 Failed Acquisitions: Bright Horizons has a proven track record of selectively adding new centers through acquisitions. They target the center that they believe will generate revenue, but more importantly make it through the accreditation process and transition to Bright Horizons programming. With an acquisition, there is some risk that new centers won’t be able to make it through the process. On average, Bright Horizons has to close 10% of the centers they acquire. Additionally, if the centers they acquire take longer than expected to mature or become profitable, the company will lose out on potential revenue. Therefore, if they complete a purchase and have to close down a significant portion of the new center, they will be wasting capital and debt.
 Insider selling: Within the last year, the company’s insiders has made a plethora of transactions all selling shares of the company. Each transaction totaled executives of the company to sell thousands of shares and significantly reducing the amount of shares held within their portfolio. Furthermore, majority of the trades were made by exercise of derivatives, which means they exercised their option to purchase shares at a price lower than market value but sell at market value to make a huge return. So if the executives are selling the stock and not buying, then we should buy either.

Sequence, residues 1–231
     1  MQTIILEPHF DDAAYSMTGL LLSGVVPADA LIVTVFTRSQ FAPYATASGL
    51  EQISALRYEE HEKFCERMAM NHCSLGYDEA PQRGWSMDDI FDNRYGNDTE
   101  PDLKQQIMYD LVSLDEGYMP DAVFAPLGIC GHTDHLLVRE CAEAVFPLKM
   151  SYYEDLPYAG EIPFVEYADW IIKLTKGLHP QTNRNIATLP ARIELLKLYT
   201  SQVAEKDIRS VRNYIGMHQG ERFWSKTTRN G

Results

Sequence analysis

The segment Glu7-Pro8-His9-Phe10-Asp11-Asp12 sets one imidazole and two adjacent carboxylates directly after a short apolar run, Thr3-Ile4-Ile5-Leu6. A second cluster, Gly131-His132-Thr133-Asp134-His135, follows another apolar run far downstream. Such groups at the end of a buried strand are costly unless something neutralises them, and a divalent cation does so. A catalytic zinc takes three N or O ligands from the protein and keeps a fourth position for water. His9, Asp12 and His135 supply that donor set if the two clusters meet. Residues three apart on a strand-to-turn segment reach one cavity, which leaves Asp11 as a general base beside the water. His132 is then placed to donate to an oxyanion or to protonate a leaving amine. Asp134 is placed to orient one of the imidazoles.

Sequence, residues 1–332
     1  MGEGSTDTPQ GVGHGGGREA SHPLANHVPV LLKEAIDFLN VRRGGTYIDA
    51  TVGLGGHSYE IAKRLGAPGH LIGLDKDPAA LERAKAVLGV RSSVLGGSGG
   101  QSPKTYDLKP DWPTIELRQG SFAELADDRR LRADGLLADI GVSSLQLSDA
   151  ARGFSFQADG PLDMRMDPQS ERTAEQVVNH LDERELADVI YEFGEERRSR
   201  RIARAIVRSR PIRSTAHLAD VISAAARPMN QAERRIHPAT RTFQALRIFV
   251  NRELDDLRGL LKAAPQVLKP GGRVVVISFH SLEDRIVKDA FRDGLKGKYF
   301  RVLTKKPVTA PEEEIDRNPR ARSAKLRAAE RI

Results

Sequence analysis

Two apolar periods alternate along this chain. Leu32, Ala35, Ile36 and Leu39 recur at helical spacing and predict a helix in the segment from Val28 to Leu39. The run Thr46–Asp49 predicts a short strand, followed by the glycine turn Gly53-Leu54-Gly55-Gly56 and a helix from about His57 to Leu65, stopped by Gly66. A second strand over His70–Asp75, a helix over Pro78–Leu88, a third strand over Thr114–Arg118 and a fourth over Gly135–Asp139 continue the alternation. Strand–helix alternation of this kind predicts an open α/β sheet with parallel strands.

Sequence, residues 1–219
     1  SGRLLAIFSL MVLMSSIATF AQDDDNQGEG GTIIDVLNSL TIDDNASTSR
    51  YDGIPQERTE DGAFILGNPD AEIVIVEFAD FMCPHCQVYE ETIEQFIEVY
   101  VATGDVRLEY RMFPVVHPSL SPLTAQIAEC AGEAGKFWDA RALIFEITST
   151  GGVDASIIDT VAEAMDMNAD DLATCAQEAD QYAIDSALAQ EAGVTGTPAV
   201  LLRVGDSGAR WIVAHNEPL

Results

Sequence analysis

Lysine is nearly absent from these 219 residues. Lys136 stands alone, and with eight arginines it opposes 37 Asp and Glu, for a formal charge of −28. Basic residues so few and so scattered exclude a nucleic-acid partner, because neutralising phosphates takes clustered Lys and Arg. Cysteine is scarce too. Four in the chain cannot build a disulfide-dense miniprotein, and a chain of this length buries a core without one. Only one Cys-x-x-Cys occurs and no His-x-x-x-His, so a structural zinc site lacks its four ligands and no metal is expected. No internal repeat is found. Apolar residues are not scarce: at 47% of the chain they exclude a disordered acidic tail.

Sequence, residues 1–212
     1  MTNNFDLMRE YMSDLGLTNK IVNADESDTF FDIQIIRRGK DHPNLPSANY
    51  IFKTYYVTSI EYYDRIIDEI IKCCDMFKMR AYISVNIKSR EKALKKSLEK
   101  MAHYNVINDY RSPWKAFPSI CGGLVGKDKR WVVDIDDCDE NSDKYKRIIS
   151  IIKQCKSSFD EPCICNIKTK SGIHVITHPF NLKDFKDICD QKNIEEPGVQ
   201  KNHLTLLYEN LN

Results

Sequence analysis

 Foreign Exchange Headwinds: This last quarter the company missed revenue and earnings per share estimates. From the company’s perspective, this was largely attributed to foreign exchange headwinds. Particularly because of the strong dollar. The dollar currently is at a 15 year high and is 10% stronger. With around 20% of Bright Horizon’s revenue coming form the U.K. and Europe, the 10% increase in the dollar divided by the 20% share of revenue the company claims from Europe, results in a 2% loss. Add this to the 1% the company already accounts for foreign exchange headwinds and you arrive at the 3% miss in revenue and earnings per share. Additionally, a factor to be worried about is why the company went into the U.K., which is because the government had made a strategic move to increase child care spending. In other words, the government subsidized child care spending to a certain amount. This program was intended to last from 2006-2016. With Brexit and a new government, it is not certain that the government will continue the program and with Brexit certain companies may drop the program or move locations.